Written and directed by John Sayles
Starring: Joel Torre, Chris Cooper, Yul Vásquez, Ronnie Lazaro, Garret Dillahunt and DJ Qualls
Run Time: 128 minutes
MPAA Rating: Not Rated
(See trailer below.)
Believe it or not, “Amigo” comes in four languages and with subtitles: Tagalog, Spanish, Cantonese, and American English. If you add hillbilly Southern, that makes five; and if you ever need the Tagalog for “We’re being screwed from both ends,” you’ll learn it here.
And how many other epic movies about the gone and almost forgotten Philippine-American War in five languages do you know? Come on then, in any language?
Give Sayles brownie points for bringing this odious historical blight and the Theodore Roosevelt’s version of the doctrine of manifest destiny to book. Sayles is still the director we’d look to for a coherent sense of how to absorb and survive history for the underdog.
In attempting to shed light on the massacring of a million Filipinos in their native land, Sayles spotlights the manifest cynicism of that doctrinal destiny. He enlists some stellar talents among his younger actors, and they do indeed shine brightly.
But as a respected director with a 17-movie record, Sayles needed a slightly less unsubtle script in his latest sermon against the Bush doctrine, and this one remains plodding and leaden, even in five languages.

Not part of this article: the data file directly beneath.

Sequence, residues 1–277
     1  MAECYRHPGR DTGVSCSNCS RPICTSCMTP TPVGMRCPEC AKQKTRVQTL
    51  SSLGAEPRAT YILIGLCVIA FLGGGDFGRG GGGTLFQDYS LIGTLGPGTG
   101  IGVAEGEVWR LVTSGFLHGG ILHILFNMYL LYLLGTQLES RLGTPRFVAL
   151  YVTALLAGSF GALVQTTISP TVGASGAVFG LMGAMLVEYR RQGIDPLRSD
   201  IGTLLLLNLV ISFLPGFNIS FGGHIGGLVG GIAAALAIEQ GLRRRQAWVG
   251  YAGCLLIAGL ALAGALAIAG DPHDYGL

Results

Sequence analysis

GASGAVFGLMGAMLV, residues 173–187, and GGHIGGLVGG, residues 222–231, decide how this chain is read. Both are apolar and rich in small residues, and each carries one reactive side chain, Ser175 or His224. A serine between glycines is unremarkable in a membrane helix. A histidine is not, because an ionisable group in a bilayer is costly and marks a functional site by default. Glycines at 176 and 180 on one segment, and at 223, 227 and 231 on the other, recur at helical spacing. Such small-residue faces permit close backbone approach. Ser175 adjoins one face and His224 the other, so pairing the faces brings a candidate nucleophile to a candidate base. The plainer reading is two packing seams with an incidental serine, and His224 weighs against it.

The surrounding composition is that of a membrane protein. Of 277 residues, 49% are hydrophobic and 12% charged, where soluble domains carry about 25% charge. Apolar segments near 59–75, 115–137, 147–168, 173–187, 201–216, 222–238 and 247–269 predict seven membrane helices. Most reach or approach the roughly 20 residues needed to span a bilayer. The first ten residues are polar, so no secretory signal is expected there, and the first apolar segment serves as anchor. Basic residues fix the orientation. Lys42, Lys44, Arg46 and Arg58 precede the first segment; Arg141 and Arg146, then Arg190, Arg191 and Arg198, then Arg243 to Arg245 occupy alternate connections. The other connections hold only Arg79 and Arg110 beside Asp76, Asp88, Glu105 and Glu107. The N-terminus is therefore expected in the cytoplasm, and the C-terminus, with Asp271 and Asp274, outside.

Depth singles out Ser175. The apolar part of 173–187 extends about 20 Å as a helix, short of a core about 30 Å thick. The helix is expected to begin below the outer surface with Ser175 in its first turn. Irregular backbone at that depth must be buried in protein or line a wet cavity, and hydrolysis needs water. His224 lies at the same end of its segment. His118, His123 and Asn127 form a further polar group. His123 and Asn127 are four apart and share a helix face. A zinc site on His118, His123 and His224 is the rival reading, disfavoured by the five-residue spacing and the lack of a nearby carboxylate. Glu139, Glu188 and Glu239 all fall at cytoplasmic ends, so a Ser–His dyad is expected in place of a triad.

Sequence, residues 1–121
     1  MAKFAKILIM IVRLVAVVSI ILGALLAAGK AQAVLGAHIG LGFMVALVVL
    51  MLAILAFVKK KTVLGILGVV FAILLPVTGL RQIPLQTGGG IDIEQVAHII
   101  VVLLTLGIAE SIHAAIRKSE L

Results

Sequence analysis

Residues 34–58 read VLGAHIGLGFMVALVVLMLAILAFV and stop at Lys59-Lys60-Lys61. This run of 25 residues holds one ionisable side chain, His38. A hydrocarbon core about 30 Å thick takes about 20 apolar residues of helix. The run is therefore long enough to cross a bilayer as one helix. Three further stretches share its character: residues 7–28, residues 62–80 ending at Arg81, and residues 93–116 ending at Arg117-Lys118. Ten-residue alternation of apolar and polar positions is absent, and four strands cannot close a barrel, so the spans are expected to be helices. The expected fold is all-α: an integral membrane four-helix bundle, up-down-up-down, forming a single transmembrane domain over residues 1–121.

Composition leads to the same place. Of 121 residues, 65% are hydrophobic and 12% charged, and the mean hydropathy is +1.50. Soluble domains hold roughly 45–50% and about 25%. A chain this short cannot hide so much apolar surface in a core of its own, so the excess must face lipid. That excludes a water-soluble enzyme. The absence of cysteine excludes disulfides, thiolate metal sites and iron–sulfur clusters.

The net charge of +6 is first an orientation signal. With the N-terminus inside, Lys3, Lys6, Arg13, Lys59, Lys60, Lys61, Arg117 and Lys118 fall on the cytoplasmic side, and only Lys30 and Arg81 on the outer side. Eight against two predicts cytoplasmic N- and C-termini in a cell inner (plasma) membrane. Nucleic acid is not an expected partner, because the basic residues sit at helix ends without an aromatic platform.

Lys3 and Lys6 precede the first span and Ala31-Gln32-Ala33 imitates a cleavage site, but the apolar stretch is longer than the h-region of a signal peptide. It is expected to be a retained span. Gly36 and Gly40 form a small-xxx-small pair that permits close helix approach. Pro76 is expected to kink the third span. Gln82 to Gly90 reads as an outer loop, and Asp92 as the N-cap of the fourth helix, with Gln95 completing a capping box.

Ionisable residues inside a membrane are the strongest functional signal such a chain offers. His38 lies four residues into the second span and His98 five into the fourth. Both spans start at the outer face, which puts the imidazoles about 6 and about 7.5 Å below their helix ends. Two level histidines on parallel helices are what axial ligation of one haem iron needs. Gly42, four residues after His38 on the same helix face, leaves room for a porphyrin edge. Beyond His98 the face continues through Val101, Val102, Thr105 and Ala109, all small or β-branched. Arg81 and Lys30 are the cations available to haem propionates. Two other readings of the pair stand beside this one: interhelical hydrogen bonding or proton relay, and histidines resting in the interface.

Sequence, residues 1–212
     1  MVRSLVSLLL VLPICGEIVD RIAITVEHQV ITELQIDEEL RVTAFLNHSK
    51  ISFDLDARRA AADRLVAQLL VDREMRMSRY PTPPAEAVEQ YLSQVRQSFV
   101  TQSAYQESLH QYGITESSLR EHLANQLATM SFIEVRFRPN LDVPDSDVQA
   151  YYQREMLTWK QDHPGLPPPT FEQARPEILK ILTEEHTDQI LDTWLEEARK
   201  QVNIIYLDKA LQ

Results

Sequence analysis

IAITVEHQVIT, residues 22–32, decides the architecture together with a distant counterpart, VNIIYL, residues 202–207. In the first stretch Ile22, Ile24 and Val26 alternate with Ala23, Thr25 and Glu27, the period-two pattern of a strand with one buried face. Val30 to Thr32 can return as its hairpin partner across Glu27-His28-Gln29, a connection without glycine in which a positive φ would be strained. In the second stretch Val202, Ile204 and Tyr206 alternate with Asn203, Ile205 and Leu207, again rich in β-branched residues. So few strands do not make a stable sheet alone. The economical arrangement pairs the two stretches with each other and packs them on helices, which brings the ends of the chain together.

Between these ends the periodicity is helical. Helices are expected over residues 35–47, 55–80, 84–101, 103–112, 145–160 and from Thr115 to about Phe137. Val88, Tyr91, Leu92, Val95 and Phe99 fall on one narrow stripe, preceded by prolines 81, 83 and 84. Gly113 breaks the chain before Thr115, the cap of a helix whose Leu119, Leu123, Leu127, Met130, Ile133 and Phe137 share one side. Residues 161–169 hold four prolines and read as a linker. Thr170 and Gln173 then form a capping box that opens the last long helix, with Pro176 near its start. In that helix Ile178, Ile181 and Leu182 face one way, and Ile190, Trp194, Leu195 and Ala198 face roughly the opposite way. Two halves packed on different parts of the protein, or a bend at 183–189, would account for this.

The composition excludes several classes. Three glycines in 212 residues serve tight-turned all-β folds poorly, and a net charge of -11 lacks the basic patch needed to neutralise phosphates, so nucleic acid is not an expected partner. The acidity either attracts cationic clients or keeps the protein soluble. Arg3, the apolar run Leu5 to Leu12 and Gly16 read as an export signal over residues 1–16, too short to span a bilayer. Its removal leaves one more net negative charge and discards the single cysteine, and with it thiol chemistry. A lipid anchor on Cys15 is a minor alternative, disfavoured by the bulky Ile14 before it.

He’s luckier with his cast and his production team. The Cantonese coolies play up scenes like the jokers in any Stephen Chow fu-fest. Troopers DJ Qualls, Lucas Neff and Garret Dillahunt goof it up playfully, and some very choice cinematography and production details grace the crowd scenes.
Filipino star Joel Torre distinguishes himself as Rafael Dacanay, mayor of a tiny Filipino village in 1900, where the American army is trying to flush local guerilla fighters out of the jungle, including the mayor’s own brother and son. Torre underplays beautifully. (By the way, he’s a ringer for Cesar Chavez, and could star in biopics about the Latino leader.)
As the local priest, Yul Vásquez has his own troubles. He’s a Salamanca-trained Jesuit, and his cynical translations and double-crossings are mingled with parish ceremonies in ravishing period costume. Like the Colonel, he could be more subtly drawn.
But so far this scenario plays a little like warmed-over Conrad. The guerillas are trying to win back the village from both the Spanish era and the American Colonel Goodacre (couldn’t they come up with a less symbolic name?). As played by the multitalented Chris Cooper in a cameo role, he’s more pungent than subtle. Cooper can act the tormented conscience better than anybody else, but has no conscience here. He can act the pants off anyone, but this is a one-note villain.
And the editing … what happened there? Someone has some ‘splaining to do, big time. It’s a little painful. The army of devotees for whom Sayles could do no wrong in films like “Matawan” and “Lone Star” will be wondering about that soundtrack, too; a chance to swoon is missed.
And “Amigo” has an especially grim and nasty ending that I, as one of Sayles’ greatest fans, could not watch. It makes its point, but at a cost.